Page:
alcoholic going through withdrawal detox in silhouetteOne of the major pitfalls to avoid in choosing an alcohol rehab program for yourself or loved ones is the mistake of “underkill”. In other words, it’s important to correctly estimate how difficult it’s going to be for you to reach your goal from rehab.

Setting a Realistic Alcohol Treatment Program Goal

The first step to avoid this pitfall is to decide what your goal should be. In our experience, any alcohol treatment program goal short of a clean and sober life is not worth your time. The reason for this is if your goal is you want to drink less or you want to have more control over your drinking or you just only want to drink sometimes, or you want to stop binge drinking but you still want to drink socially – these are definitely goals that are possible to achieve, but are goals that per statistics and scientific research, are goals that are almost never maintained.

Meaning that if you were to go to rehab with that goal and achieve it, very rapidly you would go back to your old ways. That doesn’t mean that that is absolutely the case with you in particular, but statistically it means that a much more stable destination, one which you can maintain and have success with, is “a clean and happy life”.

There are many people who go to rehab saying that they want to quit alcohol but really thinking that they want to “reduce” their alcohol consumption.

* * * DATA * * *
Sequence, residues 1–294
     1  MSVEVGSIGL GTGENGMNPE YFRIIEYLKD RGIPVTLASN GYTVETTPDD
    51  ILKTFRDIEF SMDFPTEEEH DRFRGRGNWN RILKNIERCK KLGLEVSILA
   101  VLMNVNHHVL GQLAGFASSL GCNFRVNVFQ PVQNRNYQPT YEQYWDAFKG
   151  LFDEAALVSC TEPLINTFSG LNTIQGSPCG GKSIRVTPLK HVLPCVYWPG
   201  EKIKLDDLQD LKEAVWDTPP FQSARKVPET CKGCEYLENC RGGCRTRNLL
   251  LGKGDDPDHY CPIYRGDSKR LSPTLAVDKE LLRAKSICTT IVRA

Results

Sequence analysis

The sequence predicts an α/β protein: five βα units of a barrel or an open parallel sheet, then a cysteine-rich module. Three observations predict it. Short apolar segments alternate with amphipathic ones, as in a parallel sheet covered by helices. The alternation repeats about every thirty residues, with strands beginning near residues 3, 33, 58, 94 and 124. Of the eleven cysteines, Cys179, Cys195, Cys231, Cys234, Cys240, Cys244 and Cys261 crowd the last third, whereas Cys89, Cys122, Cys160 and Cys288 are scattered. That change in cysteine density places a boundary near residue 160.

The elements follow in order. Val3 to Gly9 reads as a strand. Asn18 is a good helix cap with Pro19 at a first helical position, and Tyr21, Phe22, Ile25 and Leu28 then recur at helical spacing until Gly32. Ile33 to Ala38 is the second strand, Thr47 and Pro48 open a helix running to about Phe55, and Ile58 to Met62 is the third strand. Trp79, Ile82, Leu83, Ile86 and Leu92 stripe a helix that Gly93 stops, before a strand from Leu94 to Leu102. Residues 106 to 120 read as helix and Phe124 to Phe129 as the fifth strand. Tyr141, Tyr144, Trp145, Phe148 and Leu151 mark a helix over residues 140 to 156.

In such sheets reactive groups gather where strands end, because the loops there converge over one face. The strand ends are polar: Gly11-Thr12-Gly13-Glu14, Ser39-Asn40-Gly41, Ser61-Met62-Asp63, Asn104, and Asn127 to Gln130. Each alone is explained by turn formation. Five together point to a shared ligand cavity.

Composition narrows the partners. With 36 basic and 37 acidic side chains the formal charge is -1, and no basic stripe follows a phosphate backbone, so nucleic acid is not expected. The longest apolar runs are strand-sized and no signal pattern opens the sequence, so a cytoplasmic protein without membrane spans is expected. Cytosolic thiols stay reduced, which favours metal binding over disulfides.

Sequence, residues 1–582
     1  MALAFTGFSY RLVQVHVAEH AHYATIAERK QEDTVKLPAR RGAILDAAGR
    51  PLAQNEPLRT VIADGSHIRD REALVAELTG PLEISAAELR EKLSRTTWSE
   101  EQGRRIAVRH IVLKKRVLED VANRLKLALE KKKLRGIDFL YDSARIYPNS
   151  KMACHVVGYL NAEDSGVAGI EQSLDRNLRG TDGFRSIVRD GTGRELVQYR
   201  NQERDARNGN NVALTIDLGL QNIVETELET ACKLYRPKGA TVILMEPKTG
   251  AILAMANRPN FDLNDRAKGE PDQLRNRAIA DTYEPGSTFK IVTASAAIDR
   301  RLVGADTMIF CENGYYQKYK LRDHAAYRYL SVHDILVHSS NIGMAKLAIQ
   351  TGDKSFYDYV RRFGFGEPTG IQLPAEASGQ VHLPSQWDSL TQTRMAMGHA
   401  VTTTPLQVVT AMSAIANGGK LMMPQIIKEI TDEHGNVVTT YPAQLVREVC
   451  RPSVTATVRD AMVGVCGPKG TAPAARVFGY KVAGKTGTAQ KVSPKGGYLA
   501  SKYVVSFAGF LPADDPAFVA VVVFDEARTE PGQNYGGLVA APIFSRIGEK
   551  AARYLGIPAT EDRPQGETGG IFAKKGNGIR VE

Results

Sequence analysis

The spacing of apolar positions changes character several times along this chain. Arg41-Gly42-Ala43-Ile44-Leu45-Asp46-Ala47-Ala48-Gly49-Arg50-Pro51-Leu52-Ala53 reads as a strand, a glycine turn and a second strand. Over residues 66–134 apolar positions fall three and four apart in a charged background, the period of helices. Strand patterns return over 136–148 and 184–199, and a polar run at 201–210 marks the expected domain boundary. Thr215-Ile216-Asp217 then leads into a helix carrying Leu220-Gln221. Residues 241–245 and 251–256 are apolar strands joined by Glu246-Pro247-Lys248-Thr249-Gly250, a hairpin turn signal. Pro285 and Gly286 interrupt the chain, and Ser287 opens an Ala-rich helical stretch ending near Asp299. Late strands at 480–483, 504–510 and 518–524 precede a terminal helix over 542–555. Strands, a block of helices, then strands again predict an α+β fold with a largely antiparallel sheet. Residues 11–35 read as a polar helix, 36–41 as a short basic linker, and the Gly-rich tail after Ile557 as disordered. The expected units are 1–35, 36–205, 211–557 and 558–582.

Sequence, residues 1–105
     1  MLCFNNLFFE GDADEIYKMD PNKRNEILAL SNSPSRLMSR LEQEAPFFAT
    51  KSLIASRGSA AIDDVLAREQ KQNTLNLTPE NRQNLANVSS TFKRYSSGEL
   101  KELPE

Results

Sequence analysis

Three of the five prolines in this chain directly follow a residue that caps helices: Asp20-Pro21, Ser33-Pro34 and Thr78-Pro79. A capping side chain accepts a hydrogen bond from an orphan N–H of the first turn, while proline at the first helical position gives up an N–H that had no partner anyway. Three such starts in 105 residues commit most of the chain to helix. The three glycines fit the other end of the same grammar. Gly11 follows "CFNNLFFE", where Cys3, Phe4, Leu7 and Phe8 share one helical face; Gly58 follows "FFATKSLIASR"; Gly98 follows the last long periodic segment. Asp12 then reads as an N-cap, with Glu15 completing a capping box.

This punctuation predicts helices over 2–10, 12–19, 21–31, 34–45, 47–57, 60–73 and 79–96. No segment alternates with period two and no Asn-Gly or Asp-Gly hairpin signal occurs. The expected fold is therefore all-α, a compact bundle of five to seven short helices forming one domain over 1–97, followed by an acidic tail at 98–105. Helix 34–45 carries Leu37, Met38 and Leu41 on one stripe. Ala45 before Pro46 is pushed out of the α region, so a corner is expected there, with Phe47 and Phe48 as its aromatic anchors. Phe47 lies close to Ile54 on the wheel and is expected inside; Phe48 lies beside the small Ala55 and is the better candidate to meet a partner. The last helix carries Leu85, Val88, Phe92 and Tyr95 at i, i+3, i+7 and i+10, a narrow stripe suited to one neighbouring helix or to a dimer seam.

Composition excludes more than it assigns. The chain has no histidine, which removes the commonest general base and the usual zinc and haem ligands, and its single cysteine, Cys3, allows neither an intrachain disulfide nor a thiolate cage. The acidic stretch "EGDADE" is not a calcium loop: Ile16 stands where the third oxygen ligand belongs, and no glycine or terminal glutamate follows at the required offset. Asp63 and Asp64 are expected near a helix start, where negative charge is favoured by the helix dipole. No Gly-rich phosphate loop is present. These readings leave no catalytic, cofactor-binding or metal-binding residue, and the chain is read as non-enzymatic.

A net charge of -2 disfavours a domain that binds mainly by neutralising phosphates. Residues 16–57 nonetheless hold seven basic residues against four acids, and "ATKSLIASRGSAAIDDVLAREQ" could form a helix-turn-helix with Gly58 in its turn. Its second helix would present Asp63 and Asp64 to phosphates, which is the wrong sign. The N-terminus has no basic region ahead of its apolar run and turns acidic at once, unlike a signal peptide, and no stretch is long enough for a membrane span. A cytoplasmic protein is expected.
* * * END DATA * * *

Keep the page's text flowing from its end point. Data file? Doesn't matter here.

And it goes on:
The first pitfall to avoid in going to an alcohol rehab center is setting the correct goal for yourself — a goal that will be worth it in the long run. If you have the goal of just reducing your alcohol consumption, then it’s very likely that all the time you spend in rehab will be wasted.

Don’t Underestimate Your Alcohol Treatment Program Needs

The second pitfall to avoid in choosing an alcohol treatment program is that it’s very easy to underestimate what it’s going to take in order to reach your goal. The reasons for this are many-fold. One is that from the viewpoint of friends and family members, for every one drink that they see an alcoholic drink, there are literally dozens or even hundreds that they don’t see taken. No matter how bad family members and friends think the problem is, they’ve only grasped the tip of the iceberg. Also, most friends and family of an alcoholic aren’t alcoholics themselves and so don’t really have a subjective reality on the nature and effects of addiction.

Because of this there’s a tendency to “underkill.” By that we mean any effort to just patch up alcoholism as though with a band-aid. This can range from simply suggesting to the alcoholic that he or she quit cold turkey, to enrolling him on an outpatient alcohol rehab program. These steps are half measures.

In other words, an alcoholic who needs professional help has a severe problem. It’s one that’s difficult to understand or grasp unless you’ve been there. Part of the problem is that the alcoholic doesn’t think it’s a problem. If he really thought it was a problem, if he had hit “rock bottom” so to speak, he would be actively seeking help, and his behavior patterns would be changing. The nature of alcoholism causes the person to resist treatment, and if he is forced into accepting treatment he seeks the least amount of treatment possible.